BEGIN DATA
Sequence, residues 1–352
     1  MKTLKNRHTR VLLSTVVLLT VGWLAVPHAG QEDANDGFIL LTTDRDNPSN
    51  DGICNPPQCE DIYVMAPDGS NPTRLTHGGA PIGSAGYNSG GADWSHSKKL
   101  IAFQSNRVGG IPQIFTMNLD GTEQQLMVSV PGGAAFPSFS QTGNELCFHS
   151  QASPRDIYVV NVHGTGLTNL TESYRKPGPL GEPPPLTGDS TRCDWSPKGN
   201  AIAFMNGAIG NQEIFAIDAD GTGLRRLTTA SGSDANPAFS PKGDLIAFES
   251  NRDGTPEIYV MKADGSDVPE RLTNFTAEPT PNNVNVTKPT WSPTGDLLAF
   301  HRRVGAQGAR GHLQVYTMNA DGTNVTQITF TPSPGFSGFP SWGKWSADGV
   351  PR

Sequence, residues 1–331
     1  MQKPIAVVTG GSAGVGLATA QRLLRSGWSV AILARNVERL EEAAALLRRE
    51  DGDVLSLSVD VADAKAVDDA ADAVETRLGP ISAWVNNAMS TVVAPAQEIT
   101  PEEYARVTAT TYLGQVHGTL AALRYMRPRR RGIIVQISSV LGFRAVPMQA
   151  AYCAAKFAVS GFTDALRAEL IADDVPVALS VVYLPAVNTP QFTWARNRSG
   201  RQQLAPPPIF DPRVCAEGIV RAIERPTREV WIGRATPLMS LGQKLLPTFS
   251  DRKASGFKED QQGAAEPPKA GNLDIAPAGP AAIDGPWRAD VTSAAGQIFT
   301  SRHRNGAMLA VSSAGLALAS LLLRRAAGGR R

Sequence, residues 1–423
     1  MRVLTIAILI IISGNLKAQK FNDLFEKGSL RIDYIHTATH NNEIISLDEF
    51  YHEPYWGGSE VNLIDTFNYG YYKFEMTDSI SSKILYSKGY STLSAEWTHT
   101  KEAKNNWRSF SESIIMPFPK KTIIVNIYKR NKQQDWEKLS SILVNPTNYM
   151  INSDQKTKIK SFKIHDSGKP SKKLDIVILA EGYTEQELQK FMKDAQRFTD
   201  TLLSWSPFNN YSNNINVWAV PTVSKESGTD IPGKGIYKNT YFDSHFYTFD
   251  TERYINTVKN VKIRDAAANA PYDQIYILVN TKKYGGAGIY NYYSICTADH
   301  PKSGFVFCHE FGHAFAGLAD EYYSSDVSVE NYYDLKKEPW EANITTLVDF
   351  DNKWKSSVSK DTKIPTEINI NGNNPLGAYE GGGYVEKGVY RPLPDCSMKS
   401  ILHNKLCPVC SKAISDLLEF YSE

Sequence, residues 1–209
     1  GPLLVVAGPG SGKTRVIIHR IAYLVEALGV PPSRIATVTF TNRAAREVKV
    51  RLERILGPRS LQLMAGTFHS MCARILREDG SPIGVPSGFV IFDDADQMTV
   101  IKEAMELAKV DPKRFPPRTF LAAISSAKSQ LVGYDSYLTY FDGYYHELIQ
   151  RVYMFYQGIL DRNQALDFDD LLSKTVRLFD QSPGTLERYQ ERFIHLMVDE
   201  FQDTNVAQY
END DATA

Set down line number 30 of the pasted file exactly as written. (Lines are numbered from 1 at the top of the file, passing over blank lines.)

    51  RLERILGPRS LQLMAGTFHS MCARILREDG SPIGVPSGFV IFDDADQMTV